Do kids need to make a New Year's resolution? Here's what experts say.

Goals can be good — but also create pressure and anxiety.

Do kids need to make New Year's resolutions? Here's what experts say. (Photo: Getty)
Do kids need to make New Year's resolutions? Here's what experts say. (Photo: Getty)

From an incredibly young age, society hands us a clear message — you aren’t good enough as you are right now. This widespread “improvement” culture pervades all aspects of our lives, with Instagram ads pushing us to pursue clearer skin, smaller bodies and perfect parenting. Research shows children are developing self-esteem and body confidence issues as early as the 3-5 age group. And it’s not just looks — the self-improvement movement is a $10.4 billion industry, capitalizing on our need to always be better and different than what we are now.

Never is this trend more apparent than New Year’s, when almost half of us resolve to do or be something better, yet only 9% succeed. But, we do it again, year after year, only to disappoint ourselves by February. So, when my oldest son asked me what a New Year’s resolution was, I hesitated over how to explain it.

I realized if I taught him that this was a typical thing to do, that I might just be setting him up for the failure that all but that 9% had, because it’s a flawed concept. We aren’t really meant to up and change because the year has, expecting different results immediately. It might communicate to him that he’s not enough, not doing enough, not trying hard enough as it is.

Sean Tams, a pediatric psychologist at Nationwide Children’s Hospital in Columbus, Ohio, explains the difference between goal and resolutions (the latter of which tend to focus on limiting or correcting certain behaviors), and why that distinction matters in conversations like these with our kids.

“Goals are very important to humans — including kids and teens — because they help to motivate our behavior. Setting a goal and working toward it, or eventually achieving it, makes us feel good because of the sense of accomplishment we experience,” he says. “However, goals [or resolutions] that are framed around something that is seen as a deficit — such as not being fit enough, or not being smart enough — may contribute to feelings of anxiety or worthlessness." He adds that this is especially true if the person has a really hard time working toward improving that “deficit.”

While the word choice might seem like splitting hairs, it matters through the lens of the children’s mental health crisis, which has spiked amid the pandemic; 1 in 5 children has a mental health disorder, but only around 20% of those are getting the support they need. What young people don't need as they navigate that is a culture pushing them to be even better, thinner, more high achieving, more athletic and a million other “mores” than who they are right now.

It’s not that self-improvement doesn’t have its place; it does. Tams calls this “balanced thinking,” a skill we need to teach more than blindly determined resolutions. “I can see the areas where I can do better and I can see the areas I am already awesome,” he says, giving the example that a kid might want to become a better soccer player as a goal, and also acknowledge that they are already a great teammate. Not many resolutions are framed in this context, but rather through a lens of what is lacking.

There are benefits to setting goals — but fixating on a deficit can be harmful for children. (Photo: Getty)
There are benefits to setting goals — but fixating on a deficit can be harmful for children. (Photo: Getty)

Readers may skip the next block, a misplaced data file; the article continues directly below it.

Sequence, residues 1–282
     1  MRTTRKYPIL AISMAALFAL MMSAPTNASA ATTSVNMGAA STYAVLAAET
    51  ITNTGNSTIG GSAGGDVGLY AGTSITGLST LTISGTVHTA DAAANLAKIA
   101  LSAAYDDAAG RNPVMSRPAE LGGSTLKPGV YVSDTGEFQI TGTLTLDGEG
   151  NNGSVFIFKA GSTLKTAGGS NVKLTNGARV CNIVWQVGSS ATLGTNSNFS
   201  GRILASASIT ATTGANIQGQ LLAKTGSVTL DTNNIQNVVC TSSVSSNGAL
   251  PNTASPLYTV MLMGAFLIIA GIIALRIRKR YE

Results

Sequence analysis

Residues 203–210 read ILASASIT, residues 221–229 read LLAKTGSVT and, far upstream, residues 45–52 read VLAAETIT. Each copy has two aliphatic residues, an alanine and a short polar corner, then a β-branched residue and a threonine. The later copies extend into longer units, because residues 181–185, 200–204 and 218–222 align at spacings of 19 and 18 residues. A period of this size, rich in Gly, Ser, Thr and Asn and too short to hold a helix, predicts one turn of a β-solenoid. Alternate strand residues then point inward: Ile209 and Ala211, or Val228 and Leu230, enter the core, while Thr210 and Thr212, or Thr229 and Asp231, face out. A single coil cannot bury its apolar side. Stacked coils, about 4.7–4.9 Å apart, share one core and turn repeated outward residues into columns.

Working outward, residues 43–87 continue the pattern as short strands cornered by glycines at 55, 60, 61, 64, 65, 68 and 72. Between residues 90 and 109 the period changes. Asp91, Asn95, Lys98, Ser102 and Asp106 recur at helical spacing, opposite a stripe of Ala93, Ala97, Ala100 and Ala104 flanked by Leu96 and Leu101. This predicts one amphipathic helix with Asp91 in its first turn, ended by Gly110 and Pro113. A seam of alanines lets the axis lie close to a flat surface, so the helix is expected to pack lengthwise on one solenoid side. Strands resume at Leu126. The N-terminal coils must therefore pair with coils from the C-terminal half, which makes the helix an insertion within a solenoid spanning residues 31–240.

It might not be the right time for these types of big changes, as well, according to clinical psychologist Lara Goodrich, who notes that coming off of holiday-related stress, ahead of returning to school after a big break and change of routine, isn’t likely to have “measurable pay-off.” She worries resolutions can make children believe they need to “earn” their way through a new year. “We don't want a child at the center of a glorified plan that is likely going to fall flat.”

But before we give up on New Year’s resolutions entirely, it seems there are some ways we can adapt or modify them to become meaningful learning opportunities. Here’s what our experts recommend:

  • Avoid negative wording such as “lose weight," Tams says.

  • Try making a SMART goal, which stands for: Specific, Measurable, Achievable, Relevant and Time-limited, he adds. This would turn a goal like “get healthier” into something more attainable and less vague such as “for the next month (time-limited), I am going to kick the soccer ball for 20 minutes every day after school (specific); I am going to write down every day that I practice (measurable) and I usually have a break after school before I do my homework (achievable); I really want to become a better soccer player before the spring season starts (relevant).”

  • Set goals around mental fitness, such as going to bed 30 minutes earlier, or writing down something you are grateful for or even taking a daily walk without your phone, Tams suggests.

  • Choose change that involves more than one person, such as a family challenge of increasing how many board games you conquer this year, or siblings choosing a favorite donation to deliver every few months, Goodrich suggests.

  • Try a reflection plus bucket list activity instead, looking back on what you want to do more of from last year, or try in the new year.

But it's also perfectly fine for your family to not partake.

Goodrich reminds parents that she sees some people thinking positive change must be continuous to be valid, but this is a “rigid and extreme” way to live, with a high cost for kids. “Being well is knowing when to lean in and knowing when to step back," she says. "If you’re a parent, remember that modeling the option to not make a New Year’s resolution can be meaningful and powerful too.”

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